Consumer Financial Protection Bureau Opens the Door to Class-Action Lawsuits Against Credit Card Companies
The Consumer Financial Protection Bureau recently issued a new rule that makes it possible for consumers to sue financial companies. A group of credit card customers who have a dispute can now file a class-action lawsuit.
Credit card companies usually have a mandatory or binding arbitration clause included in the terms and conditions paperwork new customers must sign to open an account. It’s important to read the terms and conditions, and pay attention to updates. This is where you’ll find details about potential late fees, annual charges, interest rate definitions, and other fees.
Binding arbitration clauses are common in many contracts that people sign every day. Health insurance forms, cell phone contracts, auto financing paperwork, bank loans, and rental agreements usually have language in them that prevents consumers who may initiate a legal action against the company from doing so.
The language included in these contracts typically states that either party can request to have their dispute resolved through the arbitration process, as opposed to going to court. Companies use this clause to prevent groups of their customers from suing them for damages when things go wrong. People who are harmed by a company’s fraudulent practices or are victims of a scam must seek a remedy in small claims court as individuals, or accept the legally binding decision of an arbitrator that the company chooses.
Seeking a remedy in small claims court can be time consuming and it doesn’t make the same impact on future behavior or provide a remedy to all of the people who were harmed by the company the way a class-action lawsuit can. For example, most people who find overcharges or unwarranted late fees on their credit card statement don’t have the time, knowledge, or resources to pursue a remedy through small claims court over a $35 charge.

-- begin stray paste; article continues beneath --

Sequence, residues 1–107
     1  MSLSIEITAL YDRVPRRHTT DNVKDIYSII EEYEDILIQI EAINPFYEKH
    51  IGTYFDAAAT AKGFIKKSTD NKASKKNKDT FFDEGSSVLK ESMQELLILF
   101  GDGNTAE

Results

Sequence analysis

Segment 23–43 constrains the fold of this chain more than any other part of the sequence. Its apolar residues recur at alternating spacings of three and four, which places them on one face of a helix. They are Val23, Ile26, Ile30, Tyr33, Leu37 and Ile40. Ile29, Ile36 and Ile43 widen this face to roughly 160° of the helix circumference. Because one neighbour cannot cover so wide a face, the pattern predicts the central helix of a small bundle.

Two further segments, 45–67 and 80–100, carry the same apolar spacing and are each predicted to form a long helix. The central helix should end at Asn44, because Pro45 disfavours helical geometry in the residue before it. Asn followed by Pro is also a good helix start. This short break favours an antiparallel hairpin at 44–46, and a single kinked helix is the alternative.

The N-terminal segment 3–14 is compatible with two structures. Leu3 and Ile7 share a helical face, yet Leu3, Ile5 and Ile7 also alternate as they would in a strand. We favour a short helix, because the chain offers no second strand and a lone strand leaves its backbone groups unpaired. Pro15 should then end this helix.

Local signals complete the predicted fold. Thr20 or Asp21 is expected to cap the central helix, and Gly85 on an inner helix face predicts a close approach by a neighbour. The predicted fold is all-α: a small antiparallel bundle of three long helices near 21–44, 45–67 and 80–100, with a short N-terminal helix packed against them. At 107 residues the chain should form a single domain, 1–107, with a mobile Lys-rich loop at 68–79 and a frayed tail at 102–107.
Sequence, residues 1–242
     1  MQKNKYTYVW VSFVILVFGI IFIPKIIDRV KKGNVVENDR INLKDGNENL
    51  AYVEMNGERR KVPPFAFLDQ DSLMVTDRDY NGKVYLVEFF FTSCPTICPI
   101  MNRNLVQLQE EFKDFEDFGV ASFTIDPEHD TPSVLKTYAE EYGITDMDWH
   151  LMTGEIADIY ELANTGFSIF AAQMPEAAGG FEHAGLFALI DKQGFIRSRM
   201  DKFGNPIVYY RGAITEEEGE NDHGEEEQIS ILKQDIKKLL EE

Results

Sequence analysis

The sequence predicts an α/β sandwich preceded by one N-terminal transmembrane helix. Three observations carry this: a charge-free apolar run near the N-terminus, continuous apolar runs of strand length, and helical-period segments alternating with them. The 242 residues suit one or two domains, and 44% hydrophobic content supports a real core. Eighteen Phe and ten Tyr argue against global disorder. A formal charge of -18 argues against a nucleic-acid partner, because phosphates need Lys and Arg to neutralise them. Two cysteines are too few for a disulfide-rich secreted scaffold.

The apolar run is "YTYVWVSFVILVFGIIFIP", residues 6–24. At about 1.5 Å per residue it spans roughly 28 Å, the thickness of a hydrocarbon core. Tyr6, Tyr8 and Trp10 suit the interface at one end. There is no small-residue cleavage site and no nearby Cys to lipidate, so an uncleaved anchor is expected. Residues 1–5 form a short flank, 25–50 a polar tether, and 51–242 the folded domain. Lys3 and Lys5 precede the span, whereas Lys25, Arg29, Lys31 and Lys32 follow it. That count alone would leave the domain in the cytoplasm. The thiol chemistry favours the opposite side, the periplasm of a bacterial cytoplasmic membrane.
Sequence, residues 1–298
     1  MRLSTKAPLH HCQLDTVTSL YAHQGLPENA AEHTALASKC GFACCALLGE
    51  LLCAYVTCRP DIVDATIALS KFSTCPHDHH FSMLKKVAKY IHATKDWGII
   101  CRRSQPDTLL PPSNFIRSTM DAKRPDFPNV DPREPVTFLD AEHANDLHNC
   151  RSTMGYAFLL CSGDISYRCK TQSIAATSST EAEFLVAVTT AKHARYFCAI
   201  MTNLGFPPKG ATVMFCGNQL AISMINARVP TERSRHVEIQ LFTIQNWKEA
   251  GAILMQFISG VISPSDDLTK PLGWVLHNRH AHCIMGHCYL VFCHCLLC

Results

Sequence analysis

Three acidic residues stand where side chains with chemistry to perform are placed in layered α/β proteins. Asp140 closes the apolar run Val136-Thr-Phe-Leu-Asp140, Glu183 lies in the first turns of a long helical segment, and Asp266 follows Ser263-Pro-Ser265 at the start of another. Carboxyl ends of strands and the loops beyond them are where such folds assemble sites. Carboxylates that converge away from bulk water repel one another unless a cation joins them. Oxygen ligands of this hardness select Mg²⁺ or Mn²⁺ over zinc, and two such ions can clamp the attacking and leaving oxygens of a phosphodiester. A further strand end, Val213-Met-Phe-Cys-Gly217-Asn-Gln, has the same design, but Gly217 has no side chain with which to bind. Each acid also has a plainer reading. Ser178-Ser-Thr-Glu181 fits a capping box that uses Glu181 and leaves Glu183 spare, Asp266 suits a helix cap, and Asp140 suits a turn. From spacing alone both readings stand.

The CFPB wanted to restore consumers’ power to seek recourse against banks and credit card companies, both as individuals and together in the form of class-action lawsuits. Traditionally, arbitration was a tool that companies used when they had a disagreement with another business. During the past two decades, the arbitration rules have grown to govern over half of all credit card debt.
In a study conducted by the CFCP Bureau, 2% of consumers with credit cards indicated that they would consider legal action to get a credit card company to refund a small, yet incorrect, charge.
Over a five-year study period, over 34 million consumers received financial relief in the amount of $1 billion minus expenses and attorney’s fees. In 1,000 arbitration cases, the company-selected arbitrators awarded relief to only 78 consumers.
Class-action lawsuits can stop a company from harming multiple consumers with the same fraudulent or unethical practices. In over 50 group settlements affecting more than 100 million consumers, companies changed their business practices as part of the class-action lawsuit ruling or agreement.
The new rule prevents consumer financial companies from putting a mandatory arbitration clause that specifically prevents group lawsuits into new contracts. Arbitration is still an acceptable tool that individuals and companies can use to solve disputes, but the new CFCP Bureau rule prevents financial companies from restricting the rights of consumers to band together and sue as a group.
Hopefully, this new rule will motivate companies that are in the consumer financial products and services industry, as well as companies who lend, exchange, and move money to comply with the law.
Financial companies may seek relief from Congress to strike the new rule and let them return to using binding arbitration clauses to their benefit. Congress authorized the bureau to conduct studies that would shed light on the issue of whether binding arbitration clauses help or harm consumers. Perhaps the rule will stand in light of those findings.